What Are Spectrophotometers Used For in the Lab?


A spectrophotometer or UV spectrophotometer is an instrument used in spectrophotometry; the study of electromagnetic spectra. It is more specific than the broader term electromagnetic spectroscopy in that spectrophotometry deals with visible light, near-ultraviolet and near-infrared. Electromagnetic spectroscopy includes time-resolved spectroscopic techniques, while spectrophotometry does not.

Spectrophotometry entails measuring the intensity of light as a function of the color. More specifically, it measures the wavelength of light. Significant features of spectrophotometers are measurement of spectral bandwidth and linear range of absorption. Perhaps the most common application of spectrophotometers is the measurement of light absorption, but they can also be designed to measure diffuse or specular reflectance. Even the emission half of a luminescence instrument can be considered a kind of spectrophotometer.

The use of the UV spectrophotometer or conventional spectrophotometers is not limited to the field of physics. It is also frequently used in other scientific fields such as chemistry, biochemistry and molecular biology. It is widely used in many industrial applications, including printing and forensic examination.

The two major classes of spectrophotometers are the single beam and the double beam. A double beam instrument compares the light intensity between two light paths by splitting the light source into two separate beams. One beam contains a reference sample and the other contains the test sample. A single beam instrument, by contrast measures the relative light intensity of the beam before and after a test sample is introduced. Although comparison measurements from double beam instruments are easier and more stable, single beam instruments can have a larger dynamic range and are optically simpler and more compact.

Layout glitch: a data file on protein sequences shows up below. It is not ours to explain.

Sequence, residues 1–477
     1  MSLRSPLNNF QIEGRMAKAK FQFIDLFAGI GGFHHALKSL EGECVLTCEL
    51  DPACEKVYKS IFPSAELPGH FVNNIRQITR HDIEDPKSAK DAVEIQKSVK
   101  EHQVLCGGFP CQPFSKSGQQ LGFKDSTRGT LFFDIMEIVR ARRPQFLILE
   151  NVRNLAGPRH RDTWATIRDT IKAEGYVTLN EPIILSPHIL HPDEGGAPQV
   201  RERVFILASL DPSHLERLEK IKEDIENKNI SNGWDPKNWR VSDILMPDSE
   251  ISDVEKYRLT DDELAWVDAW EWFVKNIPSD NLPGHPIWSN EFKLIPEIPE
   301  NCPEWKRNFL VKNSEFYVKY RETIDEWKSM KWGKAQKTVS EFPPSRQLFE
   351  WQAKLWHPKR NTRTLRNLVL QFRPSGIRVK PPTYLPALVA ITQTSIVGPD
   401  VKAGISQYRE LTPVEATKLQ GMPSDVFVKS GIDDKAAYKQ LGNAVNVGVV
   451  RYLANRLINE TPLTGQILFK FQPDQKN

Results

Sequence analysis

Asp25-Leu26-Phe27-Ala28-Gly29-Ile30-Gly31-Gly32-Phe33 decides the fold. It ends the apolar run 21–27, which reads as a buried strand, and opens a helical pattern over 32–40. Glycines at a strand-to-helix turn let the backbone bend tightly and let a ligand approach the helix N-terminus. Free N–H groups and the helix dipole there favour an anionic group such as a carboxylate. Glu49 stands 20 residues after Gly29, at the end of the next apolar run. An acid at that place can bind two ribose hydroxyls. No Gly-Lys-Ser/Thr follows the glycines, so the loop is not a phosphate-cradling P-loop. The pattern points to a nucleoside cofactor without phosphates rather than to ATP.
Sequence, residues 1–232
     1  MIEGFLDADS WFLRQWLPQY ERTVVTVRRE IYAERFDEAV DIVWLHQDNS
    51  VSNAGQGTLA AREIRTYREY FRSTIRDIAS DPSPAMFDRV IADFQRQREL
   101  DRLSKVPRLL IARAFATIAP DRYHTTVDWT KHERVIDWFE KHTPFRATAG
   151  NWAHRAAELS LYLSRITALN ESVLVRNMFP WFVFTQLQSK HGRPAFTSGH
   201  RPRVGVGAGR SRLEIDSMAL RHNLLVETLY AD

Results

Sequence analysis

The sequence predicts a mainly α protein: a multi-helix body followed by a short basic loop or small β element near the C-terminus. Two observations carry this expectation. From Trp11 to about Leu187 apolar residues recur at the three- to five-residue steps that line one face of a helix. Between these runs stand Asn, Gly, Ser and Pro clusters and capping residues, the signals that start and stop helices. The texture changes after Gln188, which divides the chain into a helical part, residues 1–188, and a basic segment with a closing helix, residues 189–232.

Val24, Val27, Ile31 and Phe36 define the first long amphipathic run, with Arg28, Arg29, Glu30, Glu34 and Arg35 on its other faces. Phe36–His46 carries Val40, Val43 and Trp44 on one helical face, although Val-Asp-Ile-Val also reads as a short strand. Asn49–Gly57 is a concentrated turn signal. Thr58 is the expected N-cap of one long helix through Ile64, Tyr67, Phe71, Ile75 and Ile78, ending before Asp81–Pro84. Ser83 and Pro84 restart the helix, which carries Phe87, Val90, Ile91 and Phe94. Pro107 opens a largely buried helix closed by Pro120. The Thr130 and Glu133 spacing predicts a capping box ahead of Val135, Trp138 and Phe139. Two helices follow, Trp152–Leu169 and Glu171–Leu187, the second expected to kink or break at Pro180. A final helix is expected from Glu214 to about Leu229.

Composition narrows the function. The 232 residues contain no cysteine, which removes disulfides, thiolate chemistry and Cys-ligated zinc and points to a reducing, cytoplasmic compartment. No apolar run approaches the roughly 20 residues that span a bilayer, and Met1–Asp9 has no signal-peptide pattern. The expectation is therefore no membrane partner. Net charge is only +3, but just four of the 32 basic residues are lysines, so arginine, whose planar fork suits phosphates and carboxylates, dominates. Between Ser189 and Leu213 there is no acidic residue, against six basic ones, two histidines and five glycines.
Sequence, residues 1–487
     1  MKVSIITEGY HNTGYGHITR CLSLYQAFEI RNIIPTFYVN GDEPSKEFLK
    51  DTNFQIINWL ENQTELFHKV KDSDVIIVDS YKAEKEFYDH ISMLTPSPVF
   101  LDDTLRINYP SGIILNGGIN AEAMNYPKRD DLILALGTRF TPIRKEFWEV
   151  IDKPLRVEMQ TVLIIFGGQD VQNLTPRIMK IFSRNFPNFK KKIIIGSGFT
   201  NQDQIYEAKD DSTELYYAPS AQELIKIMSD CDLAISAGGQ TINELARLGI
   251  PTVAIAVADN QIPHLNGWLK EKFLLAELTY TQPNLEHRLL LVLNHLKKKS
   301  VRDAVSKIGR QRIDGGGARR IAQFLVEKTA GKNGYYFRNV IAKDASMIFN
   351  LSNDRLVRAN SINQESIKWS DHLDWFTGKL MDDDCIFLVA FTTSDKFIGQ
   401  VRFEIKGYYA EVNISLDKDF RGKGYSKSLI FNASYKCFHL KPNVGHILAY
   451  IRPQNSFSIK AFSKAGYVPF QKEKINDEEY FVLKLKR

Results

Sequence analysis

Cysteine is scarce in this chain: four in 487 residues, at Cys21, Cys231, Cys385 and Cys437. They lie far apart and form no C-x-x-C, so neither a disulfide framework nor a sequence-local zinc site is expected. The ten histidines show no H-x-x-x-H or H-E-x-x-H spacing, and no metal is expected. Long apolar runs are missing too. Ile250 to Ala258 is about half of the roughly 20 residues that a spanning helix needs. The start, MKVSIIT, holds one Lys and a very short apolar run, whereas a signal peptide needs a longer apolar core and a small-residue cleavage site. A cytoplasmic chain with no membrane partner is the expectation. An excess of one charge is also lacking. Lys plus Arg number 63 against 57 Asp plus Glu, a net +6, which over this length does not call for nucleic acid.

A visible region spectrophotometer is used extensively in colorimetry science, as opposed to a UV spectrophotometer, which is used in measuring UV-visible wavelengths. Ink manufacturers, printing companies, textiles vendors and many others need the data provided through colorimetry. Readings in the region are taken every 10- 20 nanometers along the visible region. The readings produce a spectral reflectance curve or a data stream for alternative presentations. These curves can be used to test a new batch of colorant to insure that it matches specifications, such as ISO printing standards.

UV spectrophotometry (Ultraviolet-Visible) involves the spectroscopy of photons in the UV-visible region. This means that it makes use of light in the visible and adjacent ranges (including near ultraviolet (UV) and near infrared (IR). The UV spectrophotometer is the instrument used, rather than a visible region spectrophotometer. It measures the intensity of light passing through a sample and compares it to the intensity of light before it passes through the sample. The ratio is called the transmittance and is usually expressed as a percentage. The absorbance is based on the transmittance. The absorption in the visible ranges directly influences the color of the chemicals being used. In this region of the electromagnetic spectrum, molecules experience electronic transitions. This technique is complementary to fluorescence spectroscopy, since fluorescence deals with transitions from the excited state to the ground state, while absorption measures transitions from the ground state to the excited state.

The primary parts of a spectrophotometer or UV spectrophotometer are a light source, a   sample  holder and a diffraction grating or monochromator to separate the different wavelengths of light and a detector. The light sources are frequently a Tungsten filament, a deuterium arc lamp which is continuous over the ultraviolet region or more recently, light emitting diodes (LED) and Xenon Arc Lamps for visible wavelengths.